PeaceHealth Officials Urge Patients To Avoid ER In Vancouver As Oregon Officials Issue New Alert

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With rising cases of respiratory illness straining their resources, officials at PeaceHealth Southwest Medical Center in Vancouver are telling people not to come to the emergency room if at all possible.

Meanwhile, the Oregon Health Authority put out an alert late on Wednesday, Nov. 23, urging people to take extra precautions to avoid spreading viruses as hospitals overload.

Respiratory syncytial virus, or RSV, and influenza and influenza are joining COVID-19 to overwhelm hospitals across Oregon and Washington.Earlier this month officials in Oregon called on people to wear masks indoors. And Washington health systems issued a similar warning, urging holiday season precautions.

According to Oregon health officials, 25 to 40% of children infected with RSV show symptoms of pneumonia or another lung condition called bronchiolitis, and as much as 2% require hospitalization. The elderly are also at risk.

Both Washington and Oregon had a nearly nonexistent influenza season during 2020-21 when masking, physical distancing and widespread closures kept infections low. But now the flu is making a strong comeback, too.

The Wednesday alert from Oregon officials urged people to stay home if sick and cover coughs and sneezes with the inside of an elbow, or with a tissue that's immediately discarded. They also encouraged disinfecting surfaces, hand-washing, and to consider wearing a mask in crowded indoor spaces.

“Oregon children’s hospitals are pushed to the limit. If you have young children and they get sick, there may not be a hospital bed for them,” said Patrick Allen, Oregon Health Authority (OHA) said. “Our recommendations are a call to action for Oregonians to help slow the spread of respiratory disease and make sure no child’s life is put at risk because every pediatric ICU bed in our state is full with another seriously ill kid.”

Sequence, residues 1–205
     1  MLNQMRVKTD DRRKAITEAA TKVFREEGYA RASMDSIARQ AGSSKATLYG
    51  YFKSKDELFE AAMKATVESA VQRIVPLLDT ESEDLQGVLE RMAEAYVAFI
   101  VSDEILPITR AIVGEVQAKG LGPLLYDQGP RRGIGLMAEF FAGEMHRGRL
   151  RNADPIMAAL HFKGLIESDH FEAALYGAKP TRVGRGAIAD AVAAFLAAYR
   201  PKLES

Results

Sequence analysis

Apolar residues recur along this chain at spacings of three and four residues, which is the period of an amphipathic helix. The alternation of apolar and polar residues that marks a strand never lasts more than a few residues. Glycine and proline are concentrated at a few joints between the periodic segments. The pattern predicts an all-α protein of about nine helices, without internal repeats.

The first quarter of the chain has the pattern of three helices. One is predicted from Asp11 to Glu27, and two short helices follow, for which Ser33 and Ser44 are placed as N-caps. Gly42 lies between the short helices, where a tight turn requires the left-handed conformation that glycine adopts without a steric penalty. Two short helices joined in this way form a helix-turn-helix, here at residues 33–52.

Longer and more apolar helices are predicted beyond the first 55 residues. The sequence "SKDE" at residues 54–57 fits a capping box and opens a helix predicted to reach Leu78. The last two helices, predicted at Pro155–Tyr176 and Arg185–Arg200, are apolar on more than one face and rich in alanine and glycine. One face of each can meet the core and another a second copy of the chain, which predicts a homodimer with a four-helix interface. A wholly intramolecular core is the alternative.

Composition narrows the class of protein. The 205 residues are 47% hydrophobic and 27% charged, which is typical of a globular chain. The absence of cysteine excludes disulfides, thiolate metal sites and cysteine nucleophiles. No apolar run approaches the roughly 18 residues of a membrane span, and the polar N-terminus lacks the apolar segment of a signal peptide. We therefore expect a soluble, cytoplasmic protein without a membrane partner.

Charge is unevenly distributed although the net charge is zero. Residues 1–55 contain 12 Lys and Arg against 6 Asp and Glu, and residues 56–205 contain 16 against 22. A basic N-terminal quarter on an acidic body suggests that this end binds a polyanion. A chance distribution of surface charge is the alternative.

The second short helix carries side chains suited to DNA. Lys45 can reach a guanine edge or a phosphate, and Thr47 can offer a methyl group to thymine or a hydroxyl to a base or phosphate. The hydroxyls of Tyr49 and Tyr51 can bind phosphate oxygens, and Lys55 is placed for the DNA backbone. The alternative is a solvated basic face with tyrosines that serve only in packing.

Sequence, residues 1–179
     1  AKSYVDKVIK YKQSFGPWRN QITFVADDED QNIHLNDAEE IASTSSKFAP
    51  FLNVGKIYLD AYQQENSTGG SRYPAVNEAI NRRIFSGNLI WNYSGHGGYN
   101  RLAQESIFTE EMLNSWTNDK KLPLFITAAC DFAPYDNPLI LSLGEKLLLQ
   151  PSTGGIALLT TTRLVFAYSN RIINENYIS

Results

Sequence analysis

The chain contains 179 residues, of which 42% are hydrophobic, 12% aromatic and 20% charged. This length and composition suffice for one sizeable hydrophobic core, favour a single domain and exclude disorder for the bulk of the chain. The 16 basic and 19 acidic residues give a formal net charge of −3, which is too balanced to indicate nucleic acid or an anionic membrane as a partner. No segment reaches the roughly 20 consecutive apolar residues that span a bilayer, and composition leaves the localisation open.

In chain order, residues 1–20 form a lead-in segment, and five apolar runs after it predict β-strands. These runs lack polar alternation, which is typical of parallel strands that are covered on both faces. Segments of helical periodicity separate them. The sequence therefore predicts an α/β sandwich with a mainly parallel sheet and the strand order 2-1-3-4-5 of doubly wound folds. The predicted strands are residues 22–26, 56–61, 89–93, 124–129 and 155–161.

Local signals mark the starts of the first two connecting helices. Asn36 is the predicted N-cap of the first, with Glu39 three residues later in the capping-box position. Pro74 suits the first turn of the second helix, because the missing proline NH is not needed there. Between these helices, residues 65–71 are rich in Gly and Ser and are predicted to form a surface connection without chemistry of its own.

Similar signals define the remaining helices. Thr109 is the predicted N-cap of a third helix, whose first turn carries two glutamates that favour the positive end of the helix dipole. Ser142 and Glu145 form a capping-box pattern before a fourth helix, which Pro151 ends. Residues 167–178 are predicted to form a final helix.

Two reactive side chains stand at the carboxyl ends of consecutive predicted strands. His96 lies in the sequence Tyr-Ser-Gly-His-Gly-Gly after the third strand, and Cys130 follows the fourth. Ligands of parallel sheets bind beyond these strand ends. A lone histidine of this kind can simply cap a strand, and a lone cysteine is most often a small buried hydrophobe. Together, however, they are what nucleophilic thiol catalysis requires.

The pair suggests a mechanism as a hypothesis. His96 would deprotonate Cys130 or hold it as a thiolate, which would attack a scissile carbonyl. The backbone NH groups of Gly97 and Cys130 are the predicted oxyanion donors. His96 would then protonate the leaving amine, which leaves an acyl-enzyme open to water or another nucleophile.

In Vancouver, Dr. Jason Hanley, the PeaceHealth hospital's emergency services director, said people with non-emergency health issues should go to their family physician or an urgent-care clinic.

“Please know that we treat everyone who visits our emergency department, but those with non-emergency needs will most likely have a longer wait time before we are able to care for you,” Hanley said.

Hanley encouraged anyone with difficulty breathing or challenges getting enough oxygen to come to the emergency department for an evaluation. He added that for other flu or respiratory virus symptoms, like body aches and coughing, people should care for themselves or visit a physician outside the ER.

Oregon Health & Science University hospital in Portland recenty went on alert with a reduced staffing notice to accommodate a surge linked to RSV, the flu and COVID. And so did Randall Children's Hospital at Legacy Emanuel.

Gary Walker, a spokesperson for Providence St. Vincent Medical Center in Portland, said the hospital has not issued a similar statement to the one from PeaceHealth. 

But much like OHSU, the hospital's pediatric intensive care unit, pediatric unit and neonatal intensive care unit are moving to "crisis care standards" because of the high number of babies and young children requiring hospitalization, he said.

“This will help us manage capacity to address the overwhelming demand for hospital services,” Walker said.

Under the rules in Oregon, hospitals can set aside normal staffing rules and invoke “crisis care” standards when resources are severely limited, the number of patients needing care exceeds capacity, and there is no option to transfer patients to other critical care facilities.

“Today, in the Portland metro region, we meet that criteria,” Walker said.

Tom Henderson can be reached at [email protected].

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